If you love to read, you probably also love discovering new authors. It doesn’t matter if they are well-established authors. If they are new to you, you feel the joy of discovery. And what a special treat to find an author who’s written a series. Knowing that, after you finish that first book, you have more adventures with the same characters to look forward to is sheer delight.
Earlier this month I had the pleasure of meeting , A.J. Hartley, aka Andrew Hart, who spoke at our local Sisters in Crime meeting, recounting his journey to becoming an international bestselling author of novels spanning a variety of genres. He has written several archaeological thrillers, the Darwen Arkwright children’s series, the Will Hawthorne fantasy adventures and novels based on Macbeth and Hamlet. And as if that wasn’t enough to keep him busy, he is also the Robinson Distinguished Professor of Shakespeare at UNC Charlotte.
For me, AJ’s talk was one part informative, one part inspirational and two parts humorous. Afterwards I selected Steeplejack, the first in his three-book YA Fantasy series. The book’s protagonist and heroine, seventeen-year-old Anglet Sutonga, earns her living cleaning and repairing chimneys and towers in the city of Bar-Selehm, “an industrial city resembling an alternate Victorian South Africa.”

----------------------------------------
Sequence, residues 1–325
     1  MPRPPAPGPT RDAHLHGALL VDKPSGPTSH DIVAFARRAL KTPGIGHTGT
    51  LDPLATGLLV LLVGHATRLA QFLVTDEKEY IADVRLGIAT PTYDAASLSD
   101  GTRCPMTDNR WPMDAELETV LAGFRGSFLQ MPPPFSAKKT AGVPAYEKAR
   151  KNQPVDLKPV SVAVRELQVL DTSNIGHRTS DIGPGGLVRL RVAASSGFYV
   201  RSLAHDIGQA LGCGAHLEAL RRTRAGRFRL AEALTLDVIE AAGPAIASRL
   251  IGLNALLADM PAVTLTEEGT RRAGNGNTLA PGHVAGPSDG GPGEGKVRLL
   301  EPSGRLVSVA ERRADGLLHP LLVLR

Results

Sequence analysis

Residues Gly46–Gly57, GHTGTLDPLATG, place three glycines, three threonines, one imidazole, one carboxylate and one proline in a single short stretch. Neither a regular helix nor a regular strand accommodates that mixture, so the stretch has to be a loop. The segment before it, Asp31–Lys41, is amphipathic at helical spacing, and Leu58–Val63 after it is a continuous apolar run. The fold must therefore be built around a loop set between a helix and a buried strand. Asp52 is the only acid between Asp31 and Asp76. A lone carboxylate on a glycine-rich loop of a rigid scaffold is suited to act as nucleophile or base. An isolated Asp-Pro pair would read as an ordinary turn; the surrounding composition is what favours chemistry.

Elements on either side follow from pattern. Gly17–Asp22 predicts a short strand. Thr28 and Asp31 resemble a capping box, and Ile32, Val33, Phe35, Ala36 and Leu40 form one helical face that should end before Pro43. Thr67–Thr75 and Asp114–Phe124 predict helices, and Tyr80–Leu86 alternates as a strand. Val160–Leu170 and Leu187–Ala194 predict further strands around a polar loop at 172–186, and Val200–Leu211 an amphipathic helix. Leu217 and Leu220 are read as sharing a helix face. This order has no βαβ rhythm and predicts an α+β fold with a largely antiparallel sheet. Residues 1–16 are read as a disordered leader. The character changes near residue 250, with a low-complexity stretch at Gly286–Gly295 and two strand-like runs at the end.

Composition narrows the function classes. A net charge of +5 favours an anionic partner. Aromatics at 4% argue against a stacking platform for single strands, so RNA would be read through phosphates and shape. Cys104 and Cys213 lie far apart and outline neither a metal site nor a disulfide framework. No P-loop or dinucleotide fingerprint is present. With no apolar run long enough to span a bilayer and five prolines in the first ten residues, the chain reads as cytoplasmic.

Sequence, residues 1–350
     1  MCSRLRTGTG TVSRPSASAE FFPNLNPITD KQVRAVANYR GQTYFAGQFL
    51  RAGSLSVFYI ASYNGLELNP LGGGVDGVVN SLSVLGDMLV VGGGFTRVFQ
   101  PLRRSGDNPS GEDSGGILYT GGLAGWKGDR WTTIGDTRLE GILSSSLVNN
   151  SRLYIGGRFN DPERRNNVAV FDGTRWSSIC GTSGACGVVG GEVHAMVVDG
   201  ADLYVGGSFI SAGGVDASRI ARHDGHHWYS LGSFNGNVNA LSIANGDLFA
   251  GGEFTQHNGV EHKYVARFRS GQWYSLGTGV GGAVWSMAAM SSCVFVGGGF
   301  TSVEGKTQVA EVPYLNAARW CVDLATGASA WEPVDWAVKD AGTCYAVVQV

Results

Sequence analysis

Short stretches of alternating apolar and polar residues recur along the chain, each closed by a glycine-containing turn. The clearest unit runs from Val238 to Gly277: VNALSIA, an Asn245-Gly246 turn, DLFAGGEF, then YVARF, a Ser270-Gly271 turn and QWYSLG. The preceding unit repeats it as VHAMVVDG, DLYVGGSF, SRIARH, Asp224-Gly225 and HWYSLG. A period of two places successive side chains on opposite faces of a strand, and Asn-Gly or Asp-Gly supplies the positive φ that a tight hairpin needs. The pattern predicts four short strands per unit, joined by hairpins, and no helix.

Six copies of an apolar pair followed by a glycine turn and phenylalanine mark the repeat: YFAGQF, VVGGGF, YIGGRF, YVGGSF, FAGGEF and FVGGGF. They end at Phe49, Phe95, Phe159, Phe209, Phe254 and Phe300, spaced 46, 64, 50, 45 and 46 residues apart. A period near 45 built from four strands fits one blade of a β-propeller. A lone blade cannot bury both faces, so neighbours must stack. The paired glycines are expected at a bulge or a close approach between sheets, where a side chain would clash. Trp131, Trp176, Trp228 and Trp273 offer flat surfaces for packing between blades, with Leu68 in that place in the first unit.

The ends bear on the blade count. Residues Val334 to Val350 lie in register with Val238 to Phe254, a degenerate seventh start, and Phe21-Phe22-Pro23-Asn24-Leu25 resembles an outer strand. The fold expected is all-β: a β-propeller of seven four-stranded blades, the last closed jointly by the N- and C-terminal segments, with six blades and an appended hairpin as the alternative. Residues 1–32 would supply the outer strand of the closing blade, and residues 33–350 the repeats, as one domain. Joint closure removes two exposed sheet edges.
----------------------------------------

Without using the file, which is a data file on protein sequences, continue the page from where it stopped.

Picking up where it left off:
Anglet is a Lani. In the culture of the Lani people, the first daughter is a blessing, the second a trial, the third — a curse. Anglet is a third daughter. Nevertheless, she is a talented climber and excels at her job. She is also independent and fierce, characteristics that draw us to her immediately.
Near the end of the story, when Anglet is on the run and in great peril, she encounters a black weancat with a collar, a creature with whom she feels a kinship. She muses that the collar is a “collar of the mind” that you could simply refuse to believe in, and without the collar “all the cat had was itself: muscle and sinew, claw tooth and bone, senses, experience, skill, instinct and roaring, blood-pumping animal need.” She, of course, could be describing herself — or any of us, for that matter.
I loved this character and I loved this book. The story is gripping, the action, non-stop, the setting, hauntingly beautiful — the language, soaring. No wonder more and more adults are turning to Young Adult literature. Can’t wait to finish reading the series.